The following is a collection of mini-interviews with different cast and crew members of “Assassins”, giving insight to their particular roles and the production as a whole:Andrew Lowy (Assistant Director):

Q: As dramaturg, you devoted a large amount of time to researching Assassins -how did you apply your research to WCU’s performance?

A: It was really all about “finding each assassin’s context, how their time period and personality applied to each of their acts.” I wanted the actors to know everything they could, but still make it their own.

Trick Sullivan (Stage Crew):

Q: What did you enjoy most about this production from your vantage point?

A: The lighting design and all the different horizontal “levels” of the show – the stage has different heights to it, between the tower, the main stage, and the platform of the shooting gallery and electric chair.

Melissa Castillo (Lynette “Squeaky” Fromme):

Q: Your assassin has been characterized as mentally unstable. What steps did you take to get into her mindset?

A: Lowy bought books on each of the characters – I read a lot of descriptive events of Fromme and the Manson family, along with online research. “Physically, they told me ‘don’t be pretty’. I also focused a lot on sensitive parts of the body, like the wrists and neck.

Peter Collier (Sam Byck):

Q: What was more of a challenge – memorizing the monologues or developing Byck’s mannerisms and applying his persona to them?

A: The monologues – “it’s a rant, it’s not just one idea.”

“Byck can change from one emotional state to the next by a snap of the fingers.” I worked on the mannerisms separately, after a while they kind of came naturally. It was also challenging to connect to his emotional states and motives that drive the rants.

Mike Thatcher (John Wilkes Booth) & Eric Scotolati (Lee Harvey Oswald):

Q: Were you at all intimidated to represent such historical figures? How did you adjust to their personalities?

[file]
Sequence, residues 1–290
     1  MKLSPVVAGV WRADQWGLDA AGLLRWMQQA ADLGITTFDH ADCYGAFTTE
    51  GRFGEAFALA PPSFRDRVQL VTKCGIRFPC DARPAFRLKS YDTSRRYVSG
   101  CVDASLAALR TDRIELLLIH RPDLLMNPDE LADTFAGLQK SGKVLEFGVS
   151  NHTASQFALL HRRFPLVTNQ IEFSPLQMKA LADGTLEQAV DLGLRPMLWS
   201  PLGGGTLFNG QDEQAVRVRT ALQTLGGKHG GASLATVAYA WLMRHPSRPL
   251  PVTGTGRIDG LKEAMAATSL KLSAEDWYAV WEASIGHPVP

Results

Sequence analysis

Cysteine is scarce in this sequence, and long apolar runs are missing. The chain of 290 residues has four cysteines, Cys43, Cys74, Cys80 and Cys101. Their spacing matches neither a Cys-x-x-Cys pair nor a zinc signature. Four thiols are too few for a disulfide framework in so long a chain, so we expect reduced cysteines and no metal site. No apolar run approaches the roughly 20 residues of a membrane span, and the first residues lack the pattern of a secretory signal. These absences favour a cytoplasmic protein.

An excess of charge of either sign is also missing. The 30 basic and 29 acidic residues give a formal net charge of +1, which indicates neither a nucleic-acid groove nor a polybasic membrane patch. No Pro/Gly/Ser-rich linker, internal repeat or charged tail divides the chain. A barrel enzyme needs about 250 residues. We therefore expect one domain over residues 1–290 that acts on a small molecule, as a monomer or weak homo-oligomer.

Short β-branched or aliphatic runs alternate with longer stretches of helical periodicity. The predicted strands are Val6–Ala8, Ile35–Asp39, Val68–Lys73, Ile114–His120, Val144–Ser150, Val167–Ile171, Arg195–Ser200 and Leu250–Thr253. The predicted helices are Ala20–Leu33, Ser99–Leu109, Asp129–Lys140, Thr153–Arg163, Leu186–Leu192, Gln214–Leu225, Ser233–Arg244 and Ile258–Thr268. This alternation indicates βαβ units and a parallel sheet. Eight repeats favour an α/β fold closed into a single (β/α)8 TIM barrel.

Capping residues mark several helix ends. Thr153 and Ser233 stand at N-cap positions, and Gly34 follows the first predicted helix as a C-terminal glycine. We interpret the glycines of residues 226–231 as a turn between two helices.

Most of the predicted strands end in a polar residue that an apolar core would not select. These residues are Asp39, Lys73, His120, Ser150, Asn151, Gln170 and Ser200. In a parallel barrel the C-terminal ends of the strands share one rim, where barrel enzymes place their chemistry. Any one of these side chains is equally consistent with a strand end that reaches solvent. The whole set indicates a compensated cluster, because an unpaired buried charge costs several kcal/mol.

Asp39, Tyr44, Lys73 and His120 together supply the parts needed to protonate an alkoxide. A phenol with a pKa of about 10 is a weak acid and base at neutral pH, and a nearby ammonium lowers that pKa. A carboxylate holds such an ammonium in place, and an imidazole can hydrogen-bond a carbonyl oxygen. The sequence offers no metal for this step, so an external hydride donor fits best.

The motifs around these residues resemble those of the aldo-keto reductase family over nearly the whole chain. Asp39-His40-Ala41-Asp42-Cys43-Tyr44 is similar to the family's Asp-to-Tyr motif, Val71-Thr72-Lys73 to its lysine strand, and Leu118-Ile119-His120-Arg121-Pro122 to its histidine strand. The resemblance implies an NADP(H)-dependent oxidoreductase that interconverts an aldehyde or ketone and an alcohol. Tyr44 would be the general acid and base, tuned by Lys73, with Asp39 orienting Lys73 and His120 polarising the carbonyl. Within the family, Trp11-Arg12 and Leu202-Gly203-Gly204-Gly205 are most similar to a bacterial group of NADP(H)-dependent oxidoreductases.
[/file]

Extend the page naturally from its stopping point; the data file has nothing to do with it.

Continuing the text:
A: MT: Extremely – “one quote I kept encountering in my research was ‘America owed all her troubles to me, and God simply made me the instrument of his punishment’. He never considered himself the villain, but rather the hero.” I wanted to be as accurate as possible while portraying that twist in his emotions.

A: ES: “I ended up more excited than intimidated.” You come to admire the character as you research them and you want to be able to represent them honestly. The true difficulty was “finding the right blend of who Lee was in reality and who Lee needs to be in the context of the play.”

Jon DeGaetano (Guiseppe Zangara):

Q: What was more difficult for you – learning Zangara’s accent or learning to sing with it?

A: “Both were difficult – his dialogue is so fast” – but it was definitely harder to learn to sing without losing the accent. The monologue in Italian was very challenging as well.

WCU’s theatre company breathes life and animation into the retired souls of the Assassins. Though it “takes many men to make a gun”, as Leon Czolgosz (Matthew Whalen) announces, Assassins shows it takes but one man (or woman) to put it to use, clearly becoming evident through the monumental moments of American history represented in this heart-stopping production.

Tara Tanzos is a second-year student majoring in secondary English education. She can be reached at TT649875@wcupa.edu.

Leave a Comment